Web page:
WC’s photography buddy Richard Ditch was kind enough to forward WC a link to still more bad news about Olympus: apparently, the cops and regulatory authorities will be raiding Olympus’s office on Monday morning. You’ll recall Olympus, which manufactures WC’s preferred camera equipment, has been in a slow motion catastrophic avalanche.
First, WC has to tip his hat to the Japanese authorities, who are apparently kind enough to warn the target of a criminal investigation of an impending raid. That’s a really different culture. Can you imagine that in Alaska? Hey Bill Allen, we’re going to put a secret microphone and television camera in your hotel suite… The mind boggles.
But the link inspired WC to look further into the scandal. Reuters has done a fine job of investigating and reporting. The accounting and corporate machinations are ridiculously complex, but, at the risk of oversimplification, here’s what seems to have happened.
Back in the late 1980s, Olympus invested in some risky securities. When the Japanese stock market crashed in 1989, Olympus was staring at big losses. Instead of taking the losses, Olympus has attempted to hide them in a long series ever more convoluted and expensive accounting scams. Eventually, they had more than $1 billion in losses to hide. The clumsy effort to pay some of those losses off, by exorbitant commissions in an over-priced acquisition of Gyrus, a British medical equipment company. The real purpose of the commission was to payoff some of that hidden, off-books debt.
The scam was reported bythe Japanese magazie Facta, then a little-known investigative journal. New Olympus president Michael Woodford tried to find out what was gong on. When he was stone-walled by senior corporate board members, he tried to hire an auditor. He was fired. He went public with his concerns. And now it has all come out, 25 years of fraud. 25-year old chickens coming home to roost.
Stay tuned. There’s sure to be more bad news to come.
WC’s frequent – one reader called it “unrelenting” – sarcasm turns out to distinctly helpful to WC’s readers. Seriously. Smithsonian Magazine reports,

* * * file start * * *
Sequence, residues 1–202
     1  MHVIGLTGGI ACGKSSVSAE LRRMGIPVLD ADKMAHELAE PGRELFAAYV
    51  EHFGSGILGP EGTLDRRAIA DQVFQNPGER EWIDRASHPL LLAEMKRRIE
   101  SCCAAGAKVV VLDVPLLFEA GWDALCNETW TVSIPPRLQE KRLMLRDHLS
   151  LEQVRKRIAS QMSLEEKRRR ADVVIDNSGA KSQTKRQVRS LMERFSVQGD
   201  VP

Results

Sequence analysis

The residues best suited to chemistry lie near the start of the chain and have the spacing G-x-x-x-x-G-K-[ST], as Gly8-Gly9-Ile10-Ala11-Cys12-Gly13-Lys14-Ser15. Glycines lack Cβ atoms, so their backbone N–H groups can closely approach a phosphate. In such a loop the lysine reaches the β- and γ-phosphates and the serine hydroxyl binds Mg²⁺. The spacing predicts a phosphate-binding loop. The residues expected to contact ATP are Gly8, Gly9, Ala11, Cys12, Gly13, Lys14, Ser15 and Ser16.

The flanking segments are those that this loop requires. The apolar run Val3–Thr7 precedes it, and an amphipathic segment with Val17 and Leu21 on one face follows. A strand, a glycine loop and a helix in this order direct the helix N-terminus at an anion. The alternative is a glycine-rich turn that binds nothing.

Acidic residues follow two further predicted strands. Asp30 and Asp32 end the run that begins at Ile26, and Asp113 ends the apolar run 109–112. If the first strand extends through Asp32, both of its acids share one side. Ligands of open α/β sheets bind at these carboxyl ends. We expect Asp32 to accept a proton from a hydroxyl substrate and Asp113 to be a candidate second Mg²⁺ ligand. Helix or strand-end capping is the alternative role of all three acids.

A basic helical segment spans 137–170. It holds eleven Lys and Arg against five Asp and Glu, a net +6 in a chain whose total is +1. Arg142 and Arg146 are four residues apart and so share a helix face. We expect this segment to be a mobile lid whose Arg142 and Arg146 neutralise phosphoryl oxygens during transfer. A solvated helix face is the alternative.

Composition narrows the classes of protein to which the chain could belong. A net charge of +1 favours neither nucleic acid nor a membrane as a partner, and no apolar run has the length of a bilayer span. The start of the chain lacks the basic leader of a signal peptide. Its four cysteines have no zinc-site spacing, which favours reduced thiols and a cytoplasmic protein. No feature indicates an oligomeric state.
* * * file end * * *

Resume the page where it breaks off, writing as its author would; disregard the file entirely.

Sarcasm seems to exercise the brain more than sincere statements do. Scientists who have monitored the electrical activity of the brains of test subjects exposed to sarcastic statements have found that brains have to work harder to understand sarcasm.
That extra work may make our brains sharper, according to another study. College students in Israel listened to complaints to a cellphone company’s customer service line. The students were better able to solve problems creatively when the complaints were sarcastic as opposed to just plain angry. Sarcasm “appears to stimulate complex thinking and to attenuate the otherwise negative effects of anger,” according to the study authors.
Feel free to insert your sarcastic rejoinder here, but this conclusion is backed by serious science. John Haiman, a linguist at Macalester College in St. Paul, Minnesota, his Talk is Cheap: Sarcasm, Alienation and the Evolution of Language, wrote, “Sarcastic statements are sort of a true lie. You’re saying something you don’t literally mean, and the communication works as intended only if your listener gets that you’re insincere.” Because appreciating sarcasm requires a bit more thinking, and because exercise is good for the brain, appreciating sarcasm makes to just a little smarter.
Note the equivocation: “appreciating.” Your average Dunning-Kruger challenged Teabagger misses all the exercise because he (or she) is unable to recognize, let alone appreciate, sarcasm.
Overall, this is good news. If your four year old chid says, “Smooth move, Mom” after you’ve done something clumsy, your child’s sarcasm is a sign of intelligence and not just a smart mouth. If you have a brain injury, or a psychological condition, you are much less likely be able to recognize sarcasm.
Unfortunately, there’s no data for WC’s preferred writing tone: irony. It’s WC’s gentler cousin. Great.
There’s a long and thoughtful study on the impact of high energy prices from The New America Foundation that WC strongly recommends. There are some very effective charts and interactive graphics, too. While the study’s focus is on gasoline prices, those of who live in northern climes recognize the same issues apply to heating oil and natural gas.